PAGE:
Love winding down his most hectic year

By Rex HoggardNovember 16, 2016, 9:55 pm

ST. SIMONS ISLAND, Ga. – Posted on the wall of the Sea Island Golf Performance Center is a scaled-down version of a poster that adorned the walls of the U.S. Ryder Cup team room last month at Hazeltine National.

“When you leave here:

“Don’t believe or fuel the hype

“Support your teammates

“Ignore the noise”

It wasn’t signed by Davis Love III - that wouldn’t be his style, but it’s as good an explanation of the American team’s victory over the Europeans as one can find.

It was Love’s way of adding sanity to what has largely become an insanely intimidating event, but it could just as well apply to the captain’s life the last year.

"Hectic" really wouldn’t cover the year Love just endured: the culmination of all the work that went into the two-year Ryder Cup task force, his induction into the World Golf Hall of Fame, surgery in July on an ailing hip and, just for good measure, a hurricane that left his St. Simons Island community reeling.

Even for Love, a bona fide type A, it’s been a whirlwind of staggering proportions.

“It was a long six years for us as Ryder Cuppers,” said Love, going all the way back to his first turn as captain in 2012. “Just every year it seemed to pile on more and more on the players.”

October’s victory over Europe has helped put some punctuation on what has seemed an endless cycle, and Love admitted on Wednesday at the RSM Classic, which he hosts, that he hasn’t fully digested what he and the U.S. team accomplished at Hazeltine.

“I still get emotional,” he said. “I think if I sat down and watched the whole thing, it would really all come out. I can’t tell a Bubba Watson story or a Ryan Moore story without the emotion coming out.”

Not that Love has had much time to reflect.

In the wake of the Ryder Cup, Love withdrew from the Safeway Open and OHL Classic, admitting he may have been a little overambitious with his planning.

His game wasn’t ready, which is understandable considering the competing agendas in his life, and he’s still not 100 percent following his hip surgery. That he spent the difficult days following Hurricane Matthew in October helping neighbors recover one fallen tree at a time also didn’t help.

And then there’s the Hall of Fame, which seems to be a milestone that he’s not entirely comfortable with.

“[Tour commissioner] Tim Finchem and I’ve been talking about the Hall of Fame for a long time and I’ve been trying to get him to let me out of it and he wouldn’t let me out of it,” Love said. “I still feel like that’s Arnold Palmer and Jack Nicklaus and Byron Nelson and Ben Hogan, that’s not Davis Love.”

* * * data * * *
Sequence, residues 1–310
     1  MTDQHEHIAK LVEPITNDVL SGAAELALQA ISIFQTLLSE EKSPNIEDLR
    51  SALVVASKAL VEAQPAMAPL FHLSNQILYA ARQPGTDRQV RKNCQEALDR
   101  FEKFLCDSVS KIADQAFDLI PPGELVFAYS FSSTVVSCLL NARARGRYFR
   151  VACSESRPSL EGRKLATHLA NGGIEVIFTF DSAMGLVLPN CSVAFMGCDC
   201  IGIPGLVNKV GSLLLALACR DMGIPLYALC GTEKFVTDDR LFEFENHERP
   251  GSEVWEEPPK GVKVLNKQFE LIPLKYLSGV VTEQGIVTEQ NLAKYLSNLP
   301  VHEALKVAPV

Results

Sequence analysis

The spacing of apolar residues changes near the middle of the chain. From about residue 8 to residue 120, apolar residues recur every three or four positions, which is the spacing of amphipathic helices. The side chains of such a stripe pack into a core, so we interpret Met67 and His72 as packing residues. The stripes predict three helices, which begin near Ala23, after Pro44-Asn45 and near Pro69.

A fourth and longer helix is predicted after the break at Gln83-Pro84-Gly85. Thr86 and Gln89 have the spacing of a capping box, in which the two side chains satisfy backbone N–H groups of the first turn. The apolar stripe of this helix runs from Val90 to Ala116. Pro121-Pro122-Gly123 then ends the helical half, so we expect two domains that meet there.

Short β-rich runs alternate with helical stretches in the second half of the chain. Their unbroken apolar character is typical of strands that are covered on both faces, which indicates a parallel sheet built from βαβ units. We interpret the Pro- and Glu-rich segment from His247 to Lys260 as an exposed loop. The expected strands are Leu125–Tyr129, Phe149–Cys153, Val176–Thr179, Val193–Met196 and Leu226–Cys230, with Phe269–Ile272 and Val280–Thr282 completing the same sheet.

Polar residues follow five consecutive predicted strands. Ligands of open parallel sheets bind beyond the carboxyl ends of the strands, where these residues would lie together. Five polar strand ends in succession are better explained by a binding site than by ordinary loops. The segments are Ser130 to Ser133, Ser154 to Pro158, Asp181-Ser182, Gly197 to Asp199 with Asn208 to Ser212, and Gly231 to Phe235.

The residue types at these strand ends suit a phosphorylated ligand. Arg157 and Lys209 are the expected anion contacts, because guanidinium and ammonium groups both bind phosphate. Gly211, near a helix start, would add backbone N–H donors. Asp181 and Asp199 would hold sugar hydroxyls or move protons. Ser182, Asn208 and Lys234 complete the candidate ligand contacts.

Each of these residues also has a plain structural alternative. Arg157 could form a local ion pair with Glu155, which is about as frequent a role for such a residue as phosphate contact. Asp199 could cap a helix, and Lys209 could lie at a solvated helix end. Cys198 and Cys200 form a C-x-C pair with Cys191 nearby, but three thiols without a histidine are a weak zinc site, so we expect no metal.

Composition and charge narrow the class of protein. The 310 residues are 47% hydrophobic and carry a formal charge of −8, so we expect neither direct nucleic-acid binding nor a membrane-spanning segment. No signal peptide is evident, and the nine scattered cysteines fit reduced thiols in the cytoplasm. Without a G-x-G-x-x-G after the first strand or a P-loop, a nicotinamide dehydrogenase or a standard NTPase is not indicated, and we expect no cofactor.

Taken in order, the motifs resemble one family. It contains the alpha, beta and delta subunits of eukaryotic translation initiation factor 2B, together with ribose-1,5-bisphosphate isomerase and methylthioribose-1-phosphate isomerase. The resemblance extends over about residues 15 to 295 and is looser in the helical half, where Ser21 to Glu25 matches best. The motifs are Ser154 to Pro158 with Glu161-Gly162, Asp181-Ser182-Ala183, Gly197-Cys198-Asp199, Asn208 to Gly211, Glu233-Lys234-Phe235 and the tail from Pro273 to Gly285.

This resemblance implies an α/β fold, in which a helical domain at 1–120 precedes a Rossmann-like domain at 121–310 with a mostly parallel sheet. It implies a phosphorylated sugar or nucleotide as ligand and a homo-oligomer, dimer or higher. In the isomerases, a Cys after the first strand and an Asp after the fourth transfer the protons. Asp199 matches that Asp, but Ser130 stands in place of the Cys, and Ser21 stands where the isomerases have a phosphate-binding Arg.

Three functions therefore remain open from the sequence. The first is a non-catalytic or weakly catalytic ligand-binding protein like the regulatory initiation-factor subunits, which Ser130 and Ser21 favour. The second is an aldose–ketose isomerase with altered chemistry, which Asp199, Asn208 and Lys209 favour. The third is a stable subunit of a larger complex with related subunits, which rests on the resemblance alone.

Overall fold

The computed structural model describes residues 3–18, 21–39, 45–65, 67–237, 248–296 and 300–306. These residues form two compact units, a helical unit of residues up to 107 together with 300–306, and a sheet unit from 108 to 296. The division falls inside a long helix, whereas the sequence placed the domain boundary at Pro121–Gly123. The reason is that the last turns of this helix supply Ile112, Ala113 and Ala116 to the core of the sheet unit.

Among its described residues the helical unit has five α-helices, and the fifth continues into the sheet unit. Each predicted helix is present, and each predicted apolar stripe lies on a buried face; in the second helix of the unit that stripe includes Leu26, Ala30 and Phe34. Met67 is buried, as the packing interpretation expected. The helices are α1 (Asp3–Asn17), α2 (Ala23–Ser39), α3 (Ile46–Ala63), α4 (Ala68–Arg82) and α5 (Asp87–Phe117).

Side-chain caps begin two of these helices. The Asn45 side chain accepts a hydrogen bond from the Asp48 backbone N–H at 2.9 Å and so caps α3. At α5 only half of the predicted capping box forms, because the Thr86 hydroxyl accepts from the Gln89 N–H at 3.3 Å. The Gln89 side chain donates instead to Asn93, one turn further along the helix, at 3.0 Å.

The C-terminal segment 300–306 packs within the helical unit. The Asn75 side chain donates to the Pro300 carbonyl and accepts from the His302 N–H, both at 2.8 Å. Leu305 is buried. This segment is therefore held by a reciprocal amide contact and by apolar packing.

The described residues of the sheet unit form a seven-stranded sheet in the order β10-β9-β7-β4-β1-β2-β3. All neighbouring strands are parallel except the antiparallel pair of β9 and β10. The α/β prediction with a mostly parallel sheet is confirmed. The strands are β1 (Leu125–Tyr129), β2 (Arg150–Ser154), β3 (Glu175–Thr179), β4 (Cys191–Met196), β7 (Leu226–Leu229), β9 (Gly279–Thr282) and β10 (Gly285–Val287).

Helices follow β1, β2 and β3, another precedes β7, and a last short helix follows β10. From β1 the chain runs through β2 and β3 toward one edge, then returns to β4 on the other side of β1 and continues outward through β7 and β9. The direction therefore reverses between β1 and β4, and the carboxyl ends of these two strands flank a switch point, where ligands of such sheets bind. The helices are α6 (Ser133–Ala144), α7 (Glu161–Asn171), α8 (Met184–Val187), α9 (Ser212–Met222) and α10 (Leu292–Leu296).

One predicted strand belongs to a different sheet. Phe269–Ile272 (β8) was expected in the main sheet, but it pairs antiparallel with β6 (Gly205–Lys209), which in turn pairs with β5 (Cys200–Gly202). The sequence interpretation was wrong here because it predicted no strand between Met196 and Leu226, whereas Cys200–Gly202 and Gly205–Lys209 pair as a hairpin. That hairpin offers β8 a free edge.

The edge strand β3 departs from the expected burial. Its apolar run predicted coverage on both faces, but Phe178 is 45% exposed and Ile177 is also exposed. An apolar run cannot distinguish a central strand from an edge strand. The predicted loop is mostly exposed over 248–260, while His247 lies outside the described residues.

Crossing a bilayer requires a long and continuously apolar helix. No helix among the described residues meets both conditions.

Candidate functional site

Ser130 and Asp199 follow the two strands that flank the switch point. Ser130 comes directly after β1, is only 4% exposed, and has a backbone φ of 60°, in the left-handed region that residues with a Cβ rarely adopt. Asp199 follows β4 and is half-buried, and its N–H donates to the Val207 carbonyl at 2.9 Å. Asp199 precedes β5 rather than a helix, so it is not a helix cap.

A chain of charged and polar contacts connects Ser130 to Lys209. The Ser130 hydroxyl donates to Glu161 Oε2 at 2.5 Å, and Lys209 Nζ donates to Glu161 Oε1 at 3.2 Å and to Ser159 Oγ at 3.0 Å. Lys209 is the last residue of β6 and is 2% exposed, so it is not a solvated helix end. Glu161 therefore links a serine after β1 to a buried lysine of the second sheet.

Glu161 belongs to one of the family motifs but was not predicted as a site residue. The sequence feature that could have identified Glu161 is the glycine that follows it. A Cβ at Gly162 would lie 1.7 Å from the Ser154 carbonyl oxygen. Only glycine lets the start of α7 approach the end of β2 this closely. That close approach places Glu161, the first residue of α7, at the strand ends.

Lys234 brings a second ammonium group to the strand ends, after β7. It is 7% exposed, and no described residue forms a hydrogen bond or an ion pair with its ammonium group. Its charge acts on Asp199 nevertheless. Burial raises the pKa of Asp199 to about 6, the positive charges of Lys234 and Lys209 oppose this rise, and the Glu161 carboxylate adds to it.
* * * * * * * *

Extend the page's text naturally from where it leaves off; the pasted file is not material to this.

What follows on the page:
Love is more of a man of the moment, shifting his focus to this week’s event and his role as the host with the most.

On Tuesday night, he hosted the pro-am draw party at his house, because it’s comfortable but more importantly, he explained, it saves his foundation money that can be better spent on various charities.

The highlight of that party was the captain making the rounds with the Ryder Cup.

“It’s amazing at our house last night, hundreds of people there for the pro-am draw party and everybody wanted their picture with the cup,” Love said. “They’ve all had their picture with me but they wanted their picture with the cup.”

The Ryder Cup has been everywhere but the golf course this week, including his granddaughter’s crib and riding shotgun in his pickup truck as he’s tooled around the island.

In many ways it’s a fittingly hectic end to a truly frenzied year, the impact etched into Love’s still boyish face.

Asked what he could possibly want after such an eventful season, Love’s answer was a bit of a mixed message.

“Some quiet time,” he smiled, before adding that he plans to play plenty of golf in 2017, pick up where he left off at Hazeltine as one of Steve Stricker’s vice captains at next year’s Presidents Cup and he still has his Hall of Fame induction speech to write.

Even as the 2016 maelstrom winds down, Love is looking to the next challenge. It’s in his DNA. You know the deal – a mind in motion ...

“His rest would most likely kill people,” said Mac Barnhardt, Love’s longtime manager and friend. “His rest is so tiring. He’ll go to his barn and sweep the floor and take people hunting. He’ll fix fences and he’ll go snowboarding. That’s his rest, that’s his slowing down.”